line of kegsHow could I justify yet another trip to the UK in the same year?  I had been once in May, another for the christening for a friend's child in early September. Another trip within the space of a month?! This needed another reason to go and I didn’t have to search long before I found it. Which came first, the egg or the chicken, the Wessex Beer Festival or the Great British Cheese Festival? What mattered was that both festivals were being held on the same weekend, the last weekend of September, 26th to 27th to be exact. We were soon on our way.

 

The ambitious Wessex Beer Festival is just two years old this year, a relative new-comer on the beer festival scene and held right in the heart of cider country, at the Bath and West Showground, Somerset, SE England. I say ambitious because it is located, as said above, in Britain’s premier cider producing region (bad!) and because it has attracted so many breweries (good!). However, it needs also to attract the punters before I can call this particular beer festival a success. Looking around the festival hall I figured the ratio of keg to punter was about 1:1 and I might have been kind by not mentioning that that statistic included the entertainment, their families, and venue staff as well...

Taking the ferry from Rosslare to Pembroke we arrived at the Bath and West Showground within 4 hours and set about our accommodation for the night (camping £10 per pitch). It’s a huge showground used for a multitude of shows, events, and sporting occasions with plenty of room for tents (7 in all!), toilets and shower facilities. It was a beautiful Friday afternoon and I was quite jealous of the group of lads setting up their polytunnel-shaped gazebo and deckchairs. In a perfect world it would have been me barking instructions to correct the sagging awning.

The beer festival hall itself was a huge hanger of a building and by 5pm when we walked through the doors a band was setting up shop in a corner (I was only slightly disappointed to learn that the Morris dancing wasn’t until the following day!). At the far end of the hall was an impressive sight indeed – a double line of kegs stretching from one side of the building to the other (see pic  above). It was quite a sight and I subconsciously squeezed the festival programme as if all the beer descriptions within would magically seep into personal knowledge. The hall was practically empty and the long walk to the kegs felt all the longer.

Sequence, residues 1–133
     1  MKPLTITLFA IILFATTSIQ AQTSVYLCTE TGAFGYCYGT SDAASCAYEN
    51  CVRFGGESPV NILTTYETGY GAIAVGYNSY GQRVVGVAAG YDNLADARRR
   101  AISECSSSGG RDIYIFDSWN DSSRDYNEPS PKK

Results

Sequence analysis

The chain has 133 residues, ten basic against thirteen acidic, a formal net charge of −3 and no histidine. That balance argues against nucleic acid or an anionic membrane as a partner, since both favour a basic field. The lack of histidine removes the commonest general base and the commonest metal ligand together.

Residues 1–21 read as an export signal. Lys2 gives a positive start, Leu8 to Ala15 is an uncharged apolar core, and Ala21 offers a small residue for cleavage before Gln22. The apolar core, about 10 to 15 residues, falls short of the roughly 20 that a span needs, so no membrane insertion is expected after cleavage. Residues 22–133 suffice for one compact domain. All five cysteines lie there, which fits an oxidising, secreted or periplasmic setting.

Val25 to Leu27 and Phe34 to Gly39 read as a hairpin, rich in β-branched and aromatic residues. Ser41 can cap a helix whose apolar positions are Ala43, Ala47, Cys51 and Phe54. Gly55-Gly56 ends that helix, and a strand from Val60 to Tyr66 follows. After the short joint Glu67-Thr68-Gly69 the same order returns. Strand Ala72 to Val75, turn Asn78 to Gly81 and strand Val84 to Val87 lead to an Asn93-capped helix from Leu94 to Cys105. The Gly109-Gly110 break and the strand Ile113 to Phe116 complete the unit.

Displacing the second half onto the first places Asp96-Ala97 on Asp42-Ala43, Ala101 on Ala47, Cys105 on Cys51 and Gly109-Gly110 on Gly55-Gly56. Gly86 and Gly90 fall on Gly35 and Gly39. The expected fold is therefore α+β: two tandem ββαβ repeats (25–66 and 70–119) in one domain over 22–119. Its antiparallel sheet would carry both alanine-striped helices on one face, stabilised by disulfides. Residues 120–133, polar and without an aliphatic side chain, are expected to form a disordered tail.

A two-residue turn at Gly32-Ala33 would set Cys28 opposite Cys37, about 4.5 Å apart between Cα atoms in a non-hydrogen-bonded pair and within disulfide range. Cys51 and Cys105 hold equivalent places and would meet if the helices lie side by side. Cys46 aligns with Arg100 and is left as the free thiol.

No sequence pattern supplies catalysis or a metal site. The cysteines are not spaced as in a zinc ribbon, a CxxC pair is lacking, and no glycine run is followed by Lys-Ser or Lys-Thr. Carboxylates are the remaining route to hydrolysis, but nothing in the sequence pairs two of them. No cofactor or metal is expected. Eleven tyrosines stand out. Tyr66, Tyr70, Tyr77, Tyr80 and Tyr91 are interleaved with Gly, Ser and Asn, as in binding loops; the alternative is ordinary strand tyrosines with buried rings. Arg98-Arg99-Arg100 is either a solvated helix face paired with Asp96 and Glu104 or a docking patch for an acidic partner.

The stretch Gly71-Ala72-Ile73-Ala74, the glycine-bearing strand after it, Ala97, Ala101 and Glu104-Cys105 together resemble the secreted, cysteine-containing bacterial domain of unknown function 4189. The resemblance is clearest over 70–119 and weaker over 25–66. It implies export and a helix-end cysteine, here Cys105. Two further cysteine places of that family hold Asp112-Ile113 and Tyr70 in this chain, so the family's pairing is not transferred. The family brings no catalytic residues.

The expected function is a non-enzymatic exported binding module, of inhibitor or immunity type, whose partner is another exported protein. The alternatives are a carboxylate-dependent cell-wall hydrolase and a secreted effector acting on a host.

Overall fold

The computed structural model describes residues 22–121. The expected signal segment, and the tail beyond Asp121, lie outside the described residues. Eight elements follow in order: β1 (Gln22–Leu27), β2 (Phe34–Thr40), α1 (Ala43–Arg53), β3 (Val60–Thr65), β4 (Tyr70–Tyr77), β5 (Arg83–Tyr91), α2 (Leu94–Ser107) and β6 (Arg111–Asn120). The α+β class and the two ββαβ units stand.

The barman I had eyed 100 metres to go greeted us warmly but set the record straight from the get-go. “I can’t recommend any of the beers” and “I can’t suggest any because I haven’t tried most of them yet!” We laughed and I squeezed the programme once again but still no luck. I choose a beer by the Empire brewery called ‘Strikes Back’. Why not? If I had no magical force myself then I figured I would look elsewhere. “Pale golden bitter with hoppy aroma, citrusy flavour, and very light on the palate”. I don’t have access to RateBeer right now but I’m quite comfortable plagiarising the festival programme for that quite accurate description!

The programmeDrinks were served into your very own festival half pint glass received upon paying entrance and tokens were £1 per glass. We sat in the outside section enjoying the sun set over the Somerset countryside contemplating the long list of beers and ciders (see pic to left). I figured the beers to number no less than 80, the ciders and perries maybe 30. I could get used to this I thought.

In full flowWhen the sun set we drifted back indoors to sit at a table by the side of the hall and survey the festival in full flow (see right). That didn’t take long however. It’s a shame because we had such a great night and so did many others it seemed but one couldn’t easily ignore the vast empty chasm of the hall. The available seating at our table attracted an elderly gentleman to join both myself and Claire. He had also expected a bigger turnout and we both noted that the hall felt very big indeed with so few people in it. There was maybe a crowd of 60 sitting between several tables and propping up both the lengthy cask ale bar and the separate cider and perry bar. And these included the wives and girlfriends of the two bands that played too loudly during the night! There were a few groups of lads diligently filling out the tasting forms at the back of each festival programme. Then there were one or two pub groups from the local area as identified by t-shirt slogans such as "If found, please return to the Toad and Hole".